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OECD flags enduring obstacles to illiquid investment

A recent report by the OECD’s Pensions Unit, Strengthening Asset Backed Pension Systems in a Post COVID World, argues that pension funds in the 38-member country organization can invest to support the post-pandemic economic recovery in a way that also provides long term returns for beneficiaries.

Pension funds in OECD countries are already seasoned and diversified investors and their scale and long-term horizon allows them to consider illiquid investments. They should increasingly invest in less liquid assets like infrastructure and SME financing to boost economic recovery, it argues.

For example, surveys on the impact of COVID-19 on SMEs shows that more than half of SMEs faced severe losses in revenues. Pension providers could complement banks to help SMEs cope with these urgent liquidity needs, but pension providers’ engagement in SME financing remains limited.


However, obstacles impede greater involvement by pension providers in supporting economies by investing in illiquid assets. These include a lack of investment opportunities, regulatory barriers, and limited investor capability to handle complex investments, raising fears of the risk of poor investment decisions in illiquid assets. Investing in these assets may also cause investors to deviate from their strategic asset allocation to seize investment opportunities, say the report authors.

Other challenges are also blocking pension funds’ ability to invest in illiquid assets. For example, members of defined contribution pension arrangements can switch providers. This means individual savers are freely able to switch investments, reducing pension providers’ appetite for illiquid investments, particularly those without a readily ascertainable market value, such as infrastructure.

Beneficiaries can also choose from a range of investment options with varying risk profiles, and transfer between the different options available within certain limits. This means that pension providers may be exposed to significant outflows, reducing the expected duration and investment horizon of their investment strategy. Pension providers may hold more liquid and short-term assets to accommodate for unexpected outflows, reducing the amount they can invest in long-term assets.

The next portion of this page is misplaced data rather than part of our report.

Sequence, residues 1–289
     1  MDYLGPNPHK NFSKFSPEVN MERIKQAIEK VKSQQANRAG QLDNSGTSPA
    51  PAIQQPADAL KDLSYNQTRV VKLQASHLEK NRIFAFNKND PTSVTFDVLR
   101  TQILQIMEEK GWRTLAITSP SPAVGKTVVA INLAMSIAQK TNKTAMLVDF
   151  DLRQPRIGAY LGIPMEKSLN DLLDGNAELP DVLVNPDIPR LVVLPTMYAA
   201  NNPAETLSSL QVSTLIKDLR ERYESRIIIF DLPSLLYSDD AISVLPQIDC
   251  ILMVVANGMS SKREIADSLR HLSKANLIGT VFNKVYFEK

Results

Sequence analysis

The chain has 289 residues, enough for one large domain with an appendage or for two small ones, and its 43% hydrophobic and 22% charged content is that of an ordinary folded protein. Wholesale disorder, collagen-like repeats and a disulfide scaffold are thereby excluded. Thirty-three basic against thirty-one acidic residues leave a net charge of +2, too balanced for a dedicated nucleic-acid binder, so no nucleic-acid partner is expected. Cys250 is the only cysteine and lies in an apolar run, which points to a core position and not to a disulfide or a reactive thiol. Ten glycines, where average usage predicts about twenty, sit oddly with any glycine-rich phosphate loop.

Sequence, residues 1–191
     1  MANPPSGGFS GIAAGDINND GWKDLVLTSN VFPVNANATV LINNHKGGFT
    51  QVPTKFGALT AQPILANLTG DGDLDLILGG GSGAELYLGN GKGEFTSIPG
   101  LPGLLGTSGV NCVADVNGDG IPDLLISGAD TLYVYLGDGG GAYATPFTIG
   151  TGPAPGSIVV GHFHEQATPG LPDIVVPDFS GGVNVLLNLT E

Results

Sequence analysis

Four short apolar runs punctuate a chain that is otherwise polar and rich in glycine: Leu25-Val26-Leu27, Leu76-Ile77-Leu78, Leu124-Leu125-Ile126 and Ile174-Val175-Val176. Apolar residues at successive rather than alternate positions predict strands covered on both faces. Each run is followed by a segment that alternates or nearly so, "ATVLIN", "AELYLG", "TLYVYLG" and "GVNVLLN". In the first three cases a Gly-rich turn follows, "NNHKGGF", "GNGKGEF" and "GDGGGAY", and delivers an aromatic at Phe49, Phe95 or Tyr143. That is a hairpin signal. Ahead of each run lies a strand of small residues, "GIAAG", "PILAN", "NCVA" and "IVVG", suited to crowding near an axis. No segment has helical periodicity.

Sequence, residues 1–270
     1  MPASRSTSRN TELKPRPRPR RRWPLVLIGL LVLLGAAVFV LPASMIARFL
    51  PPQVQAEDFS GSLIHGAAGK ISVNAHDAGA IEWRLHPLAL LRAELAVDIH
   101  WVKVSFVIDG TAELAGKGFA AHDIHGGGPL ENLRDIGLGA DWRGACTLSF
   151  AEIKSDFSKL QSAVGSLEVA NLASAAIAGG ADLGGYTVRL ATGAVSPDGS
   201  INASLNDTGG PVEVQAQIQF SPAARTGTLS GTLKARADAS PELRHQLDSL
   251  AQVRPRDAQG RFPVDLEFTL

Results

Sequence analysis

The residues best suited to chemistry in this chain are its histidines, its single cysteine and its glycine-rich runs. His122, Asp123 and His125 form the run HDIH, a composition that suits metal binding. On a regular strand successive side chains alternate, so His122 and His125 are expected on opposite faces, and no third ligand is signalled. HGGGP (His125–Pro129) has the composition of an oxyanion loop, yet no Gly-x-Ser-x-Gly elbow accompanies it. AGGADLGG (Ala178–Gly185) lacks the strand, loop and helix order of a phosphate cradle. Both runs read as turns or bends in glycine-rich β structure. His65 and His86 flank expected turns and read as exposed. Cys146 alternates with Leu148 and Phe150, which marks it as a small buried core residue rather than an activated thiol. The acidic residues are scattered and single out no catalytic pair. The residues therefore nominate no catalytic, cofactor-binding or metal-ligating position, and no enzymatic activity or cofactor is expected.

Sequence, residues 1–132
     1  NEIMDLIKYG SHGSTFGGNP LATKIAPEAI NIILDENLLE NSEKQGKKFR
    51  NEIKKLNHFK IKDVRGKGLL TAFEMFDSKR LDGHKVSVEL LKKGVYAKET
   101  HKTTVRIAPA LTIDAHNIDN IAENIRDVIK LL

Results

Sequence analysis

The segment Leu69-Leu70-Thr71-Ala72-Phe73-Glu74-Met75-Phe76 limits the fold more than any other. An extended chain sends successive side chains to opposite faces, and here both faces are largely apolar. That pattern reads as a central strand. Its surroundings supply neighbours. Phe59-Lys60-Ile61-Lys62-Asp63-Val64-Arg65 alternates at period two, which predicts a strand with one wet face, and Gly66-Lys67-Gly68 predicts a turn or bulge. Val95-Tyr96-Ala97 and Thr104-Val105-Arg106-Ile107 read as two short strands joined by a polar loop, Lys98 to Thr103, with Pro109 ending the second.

Another limit on the ability of pension funds to invest in illiquid assets includes the fact investments may require specific skills and expertise that some pension providers may lack. Several risks are typically more relevant for alternative investments alongside illiquidity like integrity risk, operational risk, limited transparency, valuation weaknesses, control issues, counterparty risk and conflicts of interest, lists the report. Finally, measures taken by governments to grant contribution holidays and help members access their savings during the COVID crisis may reduce room for investment in illiquid assets.

The ability to give employees and employers short-term relief may create liquidity constraints and reduce pension providers’ capacity to invest in illiquid assets, continues the report. Pension providers need to hold cash and liquid assets in their portfolios to address liquidity demands from regular benefit payments and exceptional withdrawals. They also count on contribution inflows to manage liquidity needs. However, certain countries have allowed employers and/or employees to defer or even stop contributions to asset-backed pension arrangements to provide them with short-term financial relief.

In addition, members who have lost their jobs or experienced a reduction in working hours can more easily access their savings early to weather financial hardship in several countries. Not only may this force pension providers to act pro-cyclically by selling assets in falling markets and materialise losses, but it also increases liquidity demands. These measures jeopardise the capacity of pension providers to invest in long-term, illiquid assets, such as infrastructure, as they need to keep a larger share of the portfolio in liquid assets. These measures may also create a precedent for future withdrawals, so that pension providers might not trust that assets will be locked away for the long-term going forward, further reducing their appetite for long-term investment.

The report urges policy makers to carefully consider the effect that policies granting early access to retirement savings accounts have on investment policies. Not only do such policies pose adequacy concerns, but they also limit pension providers’ capacities to invest in long-term, illiquid assets. Pension providers need to hold more cash and liquid assets to face potential withdrawal requests. This leaves less room for other illiquid investments that could support businesses and boost the economy.

Encouraging illiquid investment requires safeguards and appropriate investment structures, write the report authors. Strong governance and well-defined investment and risk-management strategies are necessary to prioritise the interest of members when engaging in new investment opportunities. Policy makers can also facilitate the mobilisation of private capital to long-term investment through public-private partnerships, financial incentives, or special vehicles for alternative assets.



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